Skills: communication, diplomacy, data collection, leadership skills, problem-solving.

6. Member of the Student Sustainability Council

This one I heard about through the grapevine, but it was advertised on the UCL Student Union website and social media platforms (so keep an eye on those). As of 2020, it’s a fairly new concept, but essentially a group of students gathers once a term to discuss possible sustainable solutions that can be implemented on campus. Similar to the student representative role, this allows real changes to happen on campus and it’s driven by students.

Skills: problem-solving, communication, sustainability literacy, interdisciplinary collaboration, leadership, debate.

7. LinkedIn Learning Certificates

If you’re a UCL student you get access to LinkedIn Learning for free. This means that whenever you watch a video on LinkedIn Learning the skills that video teaches shows up on your LinkedIn profile (which people can endorse) and you receive a digital certificate. This is great because when your future employers look for you on LinkedIn (and trust me, they do) they can see the specific interests and skills that you have, making it more likely that they’ll hire you!

Skills: endless.

8. Ethnography Collection

The Ethnography Collection in the Anthropology department and has over 2000 objects and 3000 photographs. All these objects are being added to a catalogue so that researchers, artists, and generally anyone interested can view the objects online. All of these thousands of objects were catalogued by students in an Excel sheet. Volunteering at the ethnography collection includes meeting up weekly with other students to analyze the objects or photos and add the information to the spreadsheet. It’s also a chance to meet people in the Anthropology department that you would usually never get the opportunity to meet.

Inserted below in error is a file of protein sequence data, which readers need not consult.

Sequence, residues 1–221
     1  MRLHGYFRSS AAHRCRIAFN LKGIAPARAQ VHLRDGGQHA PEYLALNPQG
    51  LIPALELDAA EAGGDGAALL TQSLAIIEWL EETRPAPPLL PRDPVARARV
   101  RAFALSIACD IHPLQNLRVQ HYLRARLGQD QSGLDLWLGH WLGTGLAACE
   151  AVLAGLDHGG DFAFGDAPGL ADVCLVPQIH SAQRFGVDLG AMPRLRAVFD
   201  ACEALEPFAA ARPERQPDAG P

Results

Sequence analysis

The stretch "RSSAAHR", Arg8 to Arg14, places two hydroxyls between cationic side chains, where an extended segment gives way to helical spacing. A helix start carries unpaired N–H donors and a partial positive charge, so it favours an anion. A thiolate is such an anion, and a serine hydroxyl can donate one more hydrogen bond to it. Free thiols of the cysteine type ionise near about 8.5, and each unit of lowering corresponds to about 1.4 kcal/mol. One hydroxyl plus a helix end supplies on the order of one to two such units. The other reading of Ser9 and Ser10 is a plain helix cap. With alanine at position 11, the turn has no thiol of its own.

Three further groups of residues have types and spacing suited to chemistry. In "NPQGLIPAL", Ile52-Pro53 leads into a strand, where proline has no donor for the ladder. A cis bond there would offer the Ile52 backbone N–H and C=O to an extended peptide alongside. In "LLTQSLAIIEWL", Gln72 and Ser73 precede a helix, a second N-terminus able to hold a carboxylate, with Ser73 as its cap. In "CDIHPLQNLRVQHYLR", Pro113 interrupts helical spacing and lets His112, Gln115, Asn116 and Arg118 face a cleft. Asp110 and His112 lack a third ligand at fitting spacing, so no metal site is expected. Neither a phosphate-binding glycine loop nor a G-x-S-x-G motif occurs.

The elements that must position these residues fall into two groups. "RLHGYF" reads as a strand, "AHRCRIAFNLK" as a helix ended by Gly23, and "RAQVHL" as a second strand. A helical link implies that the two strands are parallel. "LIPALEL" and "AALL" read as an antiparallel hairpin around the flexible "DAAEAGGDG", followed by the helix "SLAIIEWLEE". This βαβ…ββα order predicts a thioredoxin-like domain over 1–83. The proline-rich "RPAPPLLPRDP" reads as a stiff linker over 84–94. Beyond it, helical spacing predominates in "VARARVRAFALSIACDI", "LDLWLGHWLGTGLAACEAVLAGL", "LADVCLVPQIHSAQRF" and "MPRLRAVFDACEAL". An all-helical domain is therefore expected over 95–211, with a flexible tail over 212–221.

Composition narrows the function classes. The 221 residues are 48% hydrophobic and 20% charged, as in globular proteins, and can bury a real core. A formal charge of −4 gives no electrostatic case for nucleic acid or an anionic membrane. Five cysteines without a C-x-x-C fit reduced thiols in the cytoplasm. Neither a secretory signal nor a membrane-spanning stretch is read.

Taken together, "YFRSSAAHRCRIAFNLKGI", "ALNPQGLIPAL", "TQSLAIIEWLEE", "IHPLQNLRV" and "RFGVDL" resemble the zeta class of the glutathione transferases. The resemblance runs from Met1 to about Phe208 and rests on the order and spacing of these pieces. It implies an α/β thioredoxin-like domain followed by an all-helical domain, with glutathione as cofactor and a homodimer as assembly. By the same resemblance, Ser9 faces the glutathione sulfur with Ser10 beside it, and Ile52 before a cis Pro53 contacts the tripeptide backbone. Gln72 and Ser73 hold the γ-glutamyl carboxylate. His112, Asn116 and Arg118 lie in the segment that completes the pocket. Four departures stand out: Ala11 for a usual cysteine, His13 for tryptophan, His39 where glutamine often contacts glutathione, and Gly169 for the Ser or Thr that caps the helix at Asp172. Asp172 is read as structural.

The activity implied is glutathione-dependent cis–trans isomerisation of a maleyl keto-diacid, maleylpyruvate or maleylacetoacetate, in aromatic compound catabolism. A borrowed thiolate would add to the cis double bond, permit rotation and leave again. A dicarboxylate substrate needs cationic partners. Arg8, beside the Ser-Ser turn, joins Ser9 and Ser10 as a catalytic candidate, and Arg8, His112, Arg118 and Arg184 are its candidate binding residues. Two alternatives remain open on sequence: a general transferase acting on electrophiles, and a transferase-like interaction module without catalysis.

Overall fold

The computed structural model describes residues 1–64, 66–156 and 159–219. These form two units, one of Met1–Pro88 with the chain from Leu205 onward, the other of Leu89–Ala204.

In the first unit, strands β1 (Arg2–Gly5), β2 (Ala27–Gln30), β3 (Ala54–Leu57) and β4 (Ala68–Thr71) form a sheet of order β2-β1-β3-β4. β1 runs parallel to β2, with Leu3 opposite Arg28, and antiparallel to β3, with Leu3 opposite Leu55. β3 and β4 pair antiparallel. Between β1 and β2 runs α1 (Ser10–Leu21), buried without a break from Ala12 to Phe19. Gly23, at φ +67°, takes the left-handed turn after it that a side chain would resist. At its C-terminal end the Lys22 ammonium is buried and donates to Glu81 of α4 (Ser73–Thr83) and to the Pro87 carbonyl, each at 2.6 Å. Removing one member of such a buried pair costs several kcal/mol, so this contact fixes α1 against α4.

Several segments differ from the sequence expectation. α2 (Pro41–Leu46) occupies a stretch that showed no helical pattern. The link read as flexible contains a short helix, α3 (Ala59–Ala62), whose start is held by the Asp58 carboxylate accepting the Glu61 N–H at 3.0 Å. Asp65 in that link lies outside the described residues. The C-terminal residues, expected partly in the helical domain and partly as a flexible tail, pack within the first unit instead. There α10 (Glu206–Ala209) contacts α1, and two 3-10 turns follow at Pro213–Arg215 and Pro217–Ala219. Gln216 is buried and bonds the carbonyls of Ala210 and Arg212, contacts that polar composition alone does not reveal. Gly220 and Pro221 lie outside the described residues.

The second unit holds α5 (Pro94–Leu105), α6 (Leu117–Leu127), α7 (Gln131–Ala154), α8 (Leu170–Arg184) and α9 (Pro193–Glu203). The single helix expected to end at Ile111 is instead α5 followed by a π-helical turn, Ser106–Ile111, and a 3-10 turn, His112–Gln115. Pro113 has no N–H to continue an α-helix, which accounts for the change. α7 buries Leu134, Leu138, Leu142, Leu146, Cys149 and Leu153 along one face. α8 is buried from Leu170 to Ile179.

Skills: Excel, group work, collaboration, communication, object analysis, concise writing skills.

9. Student Mentor

Not only is this a free opportunity to build skills, but you actually get paid! However, this is only available to students who have completed their first year. This is because this role needs you to give guidance to first-year students and help them integrate into university life. Every first-year student is assigned a mentor and I was given a group of students who I need to advise according to different themes each week. The sessions had to be both fun and informative, so using different resources was fundamental.

Skills: presentation, creativity, leadership, personal organisation, interpersonal skills, communication.

10. Student Ambassador

Similar to the Student Mentor role, this role is paid (with the added benefit that it looks great on your CV). As a student ambassador I represent the UCL Anthropology department by writing articles (such as this one), record book and film video reviews that relate to anthropology, and interview lecturers.

Skills: video creation, interviewing, journalism, writing, communication, time management.

To conclude, all these experiences combine to create an impressive CV - all free of charge! I have listed all the skills that these experiences will teach you. I hope you will get the chance to experience at least one of these opportunities. I hope this shows you creating an impressive CV doesn’t have to cost you anything, so get out there and amaze your future employers - you’ve got this!

This article was written in March 2021, access to these opportunities is subject to change. Please check relevant UCL website pages for up to date information.